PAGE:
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Get Inspired, Get Slush’D

Slush'D returns to Karachi.
Updated 05 Jul, 2024 02:18pm

The second edition of Slush’D was held this past weekend on Saturday, June 29, at the National Aerospace Science and Technology Park (NASTP) in Karachi. The event, an offshoot of Slush, a groundbreaking tech and startup meet pioneered in Helsinki, Finland, was adapted for Pakistan by Katalyst Labs in an effort to lay the groundwork for a thriving local startup ecosystem.

The theme for this year’s Slush’D was ‘Theory to Reality’, a progression from the previous year’s theme of ‘Homegrown’ – primarily focusing on navigating the shift from conception to implementation.

Jehan Ara, Founder and CEO, Katalyst Labs and former President, P@SHA, inaugurated the event by introducing the Slush’D format and emphasising the importance of platforms that encourage conversations about tech and start-ups. She iterated that mentors and people in senior positions at organisations need to maintain faith in the younger generation as they are likely to uplift Pakistan from complete economic despair.

“Change comes about not when one person tries to do something; it’s when a community gets together and decides to collaborate and make the difference they know they can.”

In brief sessions, ranging from 15-20 minutes each, speakers shed insight into the initial thought process behind their startups and how their ideas came to fruition. Dr Sara Saeed Khurram, co-Founder and CEO, Sehat Kahani, recalled how the desire to be a doctor was instilled in her from a young age. After completing her MBBS and getting married, she began working at a small clinic in the katchi abadi of Sultanabad. Eventually, Dr Khurram had to resign from her position to accompany her husband to Lahore and in doing so, left an entire community of women without their only source of healthcare. As a result, she founded Sehat Kahani to provide healthcare services to low-income communities through a media-enabled telemedicine platform that employs women who often fall prey to the ‘doctor-bride’ phenomenon, allowing them to still practise medicine.

Abbas Shahid, VP Product, Bykea, noted how the young founders he encounters tend to be tied to producing solutions, often through apps, instead of working out underlying issues. “People have forgotten that non-tech-savvy solutions exist.” He highlighted the value of start-ups being thorough in their market research when gathering feedback, while also being prepared to pivot if it better serves the vision of the product or service.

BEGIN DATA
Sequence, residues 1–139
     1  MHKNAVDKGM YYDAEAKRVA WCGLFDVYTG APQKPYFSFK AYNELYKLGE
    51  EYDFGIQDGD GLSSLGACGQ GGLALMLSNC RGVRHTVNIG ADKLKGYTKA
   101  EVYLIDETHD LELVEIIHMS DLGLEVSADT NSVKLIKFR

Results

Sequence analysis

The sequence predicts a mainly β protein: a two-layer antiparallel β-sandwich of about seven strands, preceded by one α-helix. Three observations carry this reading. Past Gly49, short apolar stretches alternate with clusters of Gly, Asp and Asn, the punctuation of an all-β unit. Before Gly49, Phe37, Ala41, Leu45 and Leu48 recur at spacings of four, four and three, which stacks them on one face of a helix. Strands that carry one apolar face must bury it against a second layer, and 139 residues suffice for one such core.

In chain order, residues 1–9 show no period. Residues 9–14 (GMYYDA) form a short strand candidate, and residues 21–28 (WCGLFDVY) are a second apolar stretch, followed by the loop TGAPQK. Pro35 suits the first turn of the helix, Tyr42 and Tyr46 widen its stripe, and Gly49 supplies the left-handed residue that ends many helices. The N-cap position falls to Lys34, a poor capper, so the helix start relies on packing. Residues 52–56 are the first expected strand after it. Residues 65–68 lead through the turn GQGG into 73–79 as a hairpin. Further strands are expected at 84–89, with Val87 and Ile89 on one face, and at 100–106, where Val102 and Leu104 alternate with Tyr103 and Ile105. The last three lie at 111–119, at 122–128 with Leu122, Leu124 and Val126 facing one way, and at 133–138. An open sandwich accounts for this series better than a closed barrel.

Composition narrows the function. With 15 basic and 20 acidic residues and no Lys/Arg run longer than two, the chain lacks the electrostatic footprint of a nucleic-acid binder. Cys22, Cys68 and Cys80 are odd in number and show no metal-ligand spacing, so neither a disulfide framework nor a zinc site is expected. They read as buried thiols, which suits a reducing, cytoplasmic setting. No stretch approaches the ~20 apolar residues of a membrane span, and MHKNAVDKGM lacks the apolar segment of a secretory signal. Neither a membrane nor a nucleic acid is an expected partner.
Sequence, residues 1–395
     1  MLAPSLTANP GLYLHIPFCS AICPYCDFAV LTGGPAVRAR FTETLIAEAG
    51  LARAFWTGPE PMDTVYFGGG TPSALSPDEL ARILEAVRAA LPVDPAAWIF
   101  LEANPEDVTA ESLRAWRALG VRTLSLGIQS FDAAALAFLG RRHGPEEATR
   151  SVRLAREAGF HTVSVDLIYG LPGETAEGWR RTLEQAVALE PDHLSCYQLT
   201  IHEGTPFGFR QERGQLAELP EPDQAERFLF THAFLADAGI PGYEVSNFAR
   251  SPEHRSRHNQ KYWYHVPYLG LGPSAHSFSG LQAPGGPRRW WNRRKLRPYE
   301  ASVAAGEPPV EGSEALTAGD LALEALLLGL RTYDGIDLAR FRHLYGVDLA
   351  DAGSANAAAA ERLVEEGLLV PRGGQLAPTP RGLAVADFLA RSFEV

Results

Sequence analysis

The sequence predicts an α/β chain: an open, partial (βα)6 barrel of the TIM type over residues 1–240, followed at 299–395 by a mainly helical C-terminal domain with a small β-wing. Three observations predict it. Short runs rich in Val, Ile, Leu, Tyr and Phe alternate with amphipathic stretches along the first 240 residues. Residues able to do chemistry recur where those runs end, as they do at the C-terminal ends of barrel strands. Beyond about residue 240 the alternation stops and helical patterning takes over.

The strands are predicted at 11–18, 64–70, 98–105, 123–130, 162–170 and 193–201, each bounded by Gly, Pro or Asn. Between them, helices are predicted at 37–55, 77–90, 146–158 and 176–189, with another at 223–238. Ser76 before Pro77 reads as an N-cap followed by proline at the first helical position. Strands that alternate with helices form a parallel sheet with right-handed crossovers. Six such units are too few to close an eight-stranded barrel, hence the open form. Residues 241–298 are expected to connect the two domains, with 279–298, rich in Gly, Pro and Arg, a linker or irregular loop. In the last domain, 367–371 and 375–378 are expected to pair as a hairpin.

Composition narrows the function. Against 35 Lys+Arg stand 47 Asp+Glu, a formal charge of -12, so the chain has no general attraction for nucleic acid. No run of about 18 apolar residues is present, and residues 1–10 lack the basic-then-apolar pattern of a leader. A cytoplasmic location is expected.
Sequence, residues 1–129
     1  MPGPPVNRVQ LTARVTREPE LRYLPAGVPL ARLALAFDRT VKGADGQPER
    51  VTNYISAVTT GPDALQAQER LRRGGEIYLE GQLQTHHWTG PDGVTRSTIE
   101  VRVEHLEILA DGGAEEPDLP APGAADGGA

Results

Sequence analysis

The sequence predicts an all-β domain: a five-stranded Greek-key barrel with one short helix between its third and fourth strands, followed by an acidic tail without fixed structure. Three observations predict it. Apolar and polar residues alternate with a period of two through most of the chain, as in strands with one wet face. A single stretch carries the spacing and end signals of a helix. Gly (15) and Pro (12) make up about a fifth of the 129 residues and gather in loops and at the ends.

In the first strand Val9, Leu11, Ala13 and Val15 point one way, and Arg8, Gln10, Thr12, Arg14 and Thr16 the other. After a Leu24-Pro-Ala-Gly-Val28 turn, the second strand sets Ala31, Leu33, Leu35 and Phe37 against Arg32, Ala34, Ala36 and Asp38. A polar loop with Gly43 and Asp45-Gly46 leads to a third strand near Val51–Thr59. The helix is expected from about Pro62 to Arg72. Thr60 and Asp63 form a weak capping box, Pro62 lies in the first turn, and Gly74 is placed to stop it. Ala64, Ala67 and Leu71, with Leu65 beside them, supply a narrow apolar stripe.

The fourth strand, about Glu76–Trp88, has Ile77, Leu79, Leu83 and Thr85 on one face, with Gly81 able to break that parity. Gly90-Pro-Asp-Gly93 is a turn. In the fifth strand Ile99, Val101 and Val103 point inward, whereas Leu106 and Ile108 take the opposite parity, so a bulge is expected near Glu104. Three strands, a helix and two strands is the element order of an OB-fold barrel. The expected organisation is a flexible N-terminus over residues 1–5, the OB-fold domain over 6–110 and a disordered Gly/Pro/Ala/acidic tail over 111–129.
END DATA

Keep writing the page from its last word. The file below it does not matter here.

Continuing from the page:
In another seed-to-bloom narrative, Adnan Shaffi, co-Founder and CEO, PriceOye, revealed that the idea for his company sparked when he bought a laptop with an Arabic-only keyboard from a Pakistani tech eStore, leading him to tape English letters over the keys. To counter the prevailing issue of inauthentic products, PriceOye, a popular tech e-store and price comparison website, only houses authorised sellers. An example of innovative problem solving, Shaffi narrated, involved establishing an in-house logistics service since courier companies refused to partner with them due to liability concerns when PriceOye proposed a format that would allow customers to view the product before accepting it at their doorstep. This one feature is what led to “exponential growth,” as they were able to “solve a problem people were unsure of how to tackle,” according to Shaffi.

The panel discussions addressed topics like navigating cofounder relations and whether Pakistan’s first unicorn will be a B2B or B2C. On co-founder relations, Azima Dhanjee, co-Founder, ConnectHear, discussed how, when looking for a partner, she sought people who would complement her vision and fill in the gaps while ideally being tech-savvy. Maheen Adamjee, CEO and Founder, Dot & Line, chimed in, saying that it was also helpful to segment co-founders in accordance with skills, as she handles the financial aspect of the business while her co-Founder, Lina Ahmed, takes the lead on the product side of things.

“Founder conflicts are a good thing as long as they are managed correctly because they ultimately bring in more perspectives.”

A country like Pakistan with a burgeoning interest in start-ups could use more such events, especially those geared towards students, who perhaps with the right guidance, may spark big ideas sooner. What set Slush’D apart were the short sessions with seamless transitions and thoughtfully curated speakers dispensing bite-sized morsels of advice, cutting through the fluff.

All sessions were made accessible through PSL interpreters from ConnectHear, a social startup working towards making spaces more inclusive.